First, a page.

Two major astronomy observatories – the Gemini North Telescope in Hawaii and the Gemini South Telescope in Chile – were forced to halt operations on account of a cyber attack. The incident also disrupted several smaller telescopes.

Because astronomical studies and activities sometimes need to be precisely scheduled, disruptions like this can completely derail research efforts if a certain number of critical observation windows are missed.

For each day that lapses where facilities remain unavailable to researchers, a cost is incurred by the scientific community – and the cost is in research data lost, not just monetary resources.

Work in progress

“Our staff are working with cyber security experts to get all the impacted telescopes and our websites back online as soon as possible and are encouraged by the progress made thus far,” NOIRLab said in an update.

Like the entire astronomy community, we are disappointed that some of our telescopes are not currently observing.” A handful of telescopes are being operated manually, allowing for some normal functionality and the pursuit of select scientific endeavors.

The whole picture

The International Gemini Observatory, which operates the Gemini North and the Gemini South telescopes, enables scientists to obtain a near-complete view of the night sky – they can see the whole picture.

In the past, the two telescopes have assisted astronomers in capturing an array of celestial events, including the births of supernovae. In 2022, researchers using Gemini North observed the closest-known black hole to Earth.

Cyber attack

The nature of the cyber incident remains a mystery. ‘What was the motive?,’ scientists and others have wondered.

Roughly two weeks after the initial incident, the United States National Counterintelligence and Security Center published a bulletin about cyber threats to American space companies and research entities.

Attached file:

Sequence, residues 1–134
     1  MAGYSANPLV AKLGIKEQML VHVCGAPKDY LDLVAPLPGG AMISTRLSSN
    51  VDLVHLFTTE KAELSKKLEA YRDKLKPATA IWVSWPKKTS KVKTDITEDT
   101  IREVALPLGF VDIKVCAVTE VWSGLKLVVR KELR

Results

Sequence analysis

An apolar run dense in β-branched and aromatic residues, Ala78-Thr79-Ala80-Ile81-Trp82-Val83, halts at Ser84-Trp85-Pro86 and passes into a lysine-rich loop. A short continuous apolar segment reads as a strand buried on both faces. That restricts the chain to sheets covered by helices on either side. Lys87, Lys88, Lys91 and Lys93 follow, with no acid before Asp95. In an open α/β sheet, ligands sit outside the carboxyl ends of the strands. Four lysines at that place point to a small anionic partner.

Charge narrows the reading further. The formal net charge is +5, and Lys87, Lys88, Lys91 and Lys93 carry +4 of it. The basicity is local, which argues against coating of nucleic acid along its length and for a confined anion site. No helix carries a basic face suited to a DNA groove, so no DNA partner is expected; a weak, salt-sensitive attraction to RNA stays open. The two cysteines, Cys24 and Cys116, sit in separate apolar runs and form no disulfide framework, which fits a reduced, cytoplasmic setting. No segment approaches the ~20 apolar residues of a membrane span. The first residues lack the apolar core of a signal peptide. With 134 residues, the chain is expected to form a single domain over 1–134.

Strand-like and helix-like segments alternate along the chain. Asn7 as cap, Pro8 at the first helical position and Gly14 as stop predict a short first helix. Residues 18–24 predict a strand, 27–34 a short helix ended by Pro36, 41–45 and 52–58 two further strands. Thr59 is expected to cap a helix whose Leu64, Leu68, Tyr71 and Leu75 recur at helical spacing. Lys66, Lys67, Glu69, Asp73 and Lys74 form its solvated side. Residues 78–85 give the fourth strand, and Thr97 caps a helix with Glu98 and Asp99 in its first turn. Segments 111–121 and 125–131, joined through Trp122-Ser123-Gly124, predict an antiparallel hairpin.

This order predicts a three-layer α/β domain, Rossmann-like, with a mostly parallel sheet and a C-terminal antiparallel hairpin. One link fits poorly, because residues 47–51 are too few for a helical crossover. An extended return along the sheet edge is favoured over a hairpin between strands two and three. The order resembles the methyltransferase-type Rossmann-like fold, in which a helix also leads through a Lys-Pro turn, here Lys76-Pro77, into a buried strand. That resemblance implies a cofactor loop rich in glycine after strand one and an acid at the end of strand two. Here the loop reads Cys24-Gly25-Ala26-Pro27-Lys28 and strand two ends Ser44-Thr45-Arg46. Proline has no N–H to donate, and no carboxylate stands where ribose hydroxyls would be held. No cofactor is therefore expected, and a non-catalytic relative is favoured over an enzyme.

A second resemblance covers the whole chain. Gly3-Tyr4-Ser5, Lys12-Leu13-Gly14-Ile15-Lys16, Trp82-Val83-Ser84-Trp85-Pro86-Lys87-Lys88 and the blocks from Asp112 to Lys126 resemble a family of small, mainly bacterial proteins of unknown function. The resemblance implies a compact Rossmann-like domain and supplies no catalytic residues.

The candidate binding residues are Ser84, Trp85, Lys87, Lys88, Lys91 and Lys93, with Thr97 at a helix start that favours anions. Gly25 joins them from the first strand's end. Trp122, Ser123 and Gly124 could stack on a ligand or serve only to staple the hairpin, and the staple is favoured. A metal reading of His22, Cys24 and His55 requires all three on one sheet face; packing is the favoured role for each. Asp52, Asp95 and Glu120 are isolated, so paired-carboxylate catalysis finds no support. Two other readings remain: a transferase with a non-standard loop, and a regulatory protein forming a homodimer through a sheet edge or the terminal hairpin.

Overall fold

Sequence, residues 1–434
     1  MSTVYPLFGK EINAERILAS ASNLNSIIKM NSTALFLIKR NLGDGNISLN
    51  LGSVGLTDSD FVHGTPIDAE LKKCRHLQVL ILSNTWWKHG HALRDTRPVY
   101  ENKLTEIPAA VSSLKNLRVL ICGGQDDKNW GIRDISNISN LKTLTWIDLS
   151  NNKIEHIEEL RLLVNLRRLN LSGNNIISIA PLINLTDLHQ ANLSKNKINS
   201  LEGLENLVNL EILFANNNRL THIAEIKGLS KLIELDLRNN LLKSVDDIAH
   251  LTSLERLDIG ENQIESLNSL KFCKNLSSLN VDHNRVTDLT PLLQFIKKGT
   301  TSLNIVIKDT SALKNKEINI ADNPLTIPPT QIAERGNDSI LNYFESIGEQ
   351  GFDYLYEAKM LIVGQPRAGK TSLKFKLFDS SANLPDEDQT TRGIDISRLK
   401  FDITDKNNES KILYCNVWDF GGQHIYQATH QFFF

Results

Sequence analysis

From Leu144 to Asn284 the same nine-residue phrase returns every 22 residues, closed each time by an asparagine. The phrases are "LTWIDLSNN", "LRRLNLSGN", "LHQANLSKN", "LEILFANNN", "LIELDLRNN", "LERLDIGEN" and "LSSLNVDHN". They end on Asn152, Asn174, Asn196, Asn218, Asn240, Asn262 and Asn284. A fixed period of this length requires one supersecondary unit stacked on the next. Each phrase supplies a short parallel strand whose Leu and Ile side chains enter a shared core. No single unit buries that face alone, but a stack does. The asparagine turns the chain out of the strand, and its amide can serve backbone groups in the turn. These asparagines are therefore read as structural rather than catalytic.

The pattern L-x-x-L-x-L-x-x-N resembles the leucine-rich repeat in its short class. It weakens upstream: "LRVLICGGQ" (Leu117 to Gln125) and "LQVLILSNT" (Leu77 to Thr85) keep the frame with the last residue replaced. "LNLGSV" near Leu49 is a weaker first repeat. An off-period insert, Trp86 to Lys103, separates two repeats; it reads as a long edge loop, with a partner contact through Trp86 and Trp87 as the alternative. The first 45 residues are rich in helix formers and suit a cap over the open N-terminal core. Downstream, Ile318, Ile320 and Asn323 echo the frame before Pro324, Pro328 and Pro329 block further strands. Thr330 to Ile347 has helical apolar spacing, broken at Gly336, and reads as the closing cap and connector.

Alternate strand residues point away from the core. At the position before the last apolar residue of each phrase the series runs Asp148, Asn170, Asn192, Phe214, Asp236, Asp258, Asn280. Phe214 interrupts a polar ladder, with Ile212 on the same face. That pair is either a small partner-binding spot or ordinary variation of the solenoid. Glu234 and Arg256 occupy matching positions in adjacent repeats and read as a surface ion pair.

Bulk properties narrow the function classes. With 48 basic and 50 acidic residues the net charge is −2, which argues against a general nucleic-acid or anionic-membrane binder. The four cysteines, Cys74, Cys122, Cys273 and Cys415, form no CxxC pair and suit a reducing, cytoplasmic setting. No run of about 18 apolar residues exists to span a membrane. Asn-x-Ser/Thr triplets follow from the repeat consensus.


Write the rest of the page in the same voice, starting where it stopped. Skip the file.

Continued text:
Foreign spies and hackers are acutely aware of how important the space industry is to the U.S. economy and to national security, especially due to the dependence of critical infrastructure on space-based assets.

Some perceive American space-related innovation and corresponding assets as threats and/or as opportunities to exploit for the purposes of acquiring technologies and expertise.

American officials believe that the opening maneuver in the next international conflict will likely involve rendering space-based communications and imaging satellites ineffective, according to the New York Times.


The affected astronomy observatories have refused to elaborate on the nature of the cyber attack or to disclose whether or not the attackers demanded a ransom.

It has been assumed that one motive for the attack, perhaps among others, is to extract money from observatory operators.

Last year, the Atacama Large Millimeter Array (ALMA) Observatory in Chile experienced a ransomware attack that took everything offline for nearly 60 days.

Preventing space-based threats

To prevent future threats, those researching the universe will need to devote additional resources to IT security, especially as cyber attacks become increasingly sophisticated.

Cyber security professionals in the space sector should take care to track anomalous incidents on computer networks and should actively search for breaches.

In addition, the sector is advised to identify potential foreign agents inside the business. Further, emphasis should be placed on protecting important intellectual properties.

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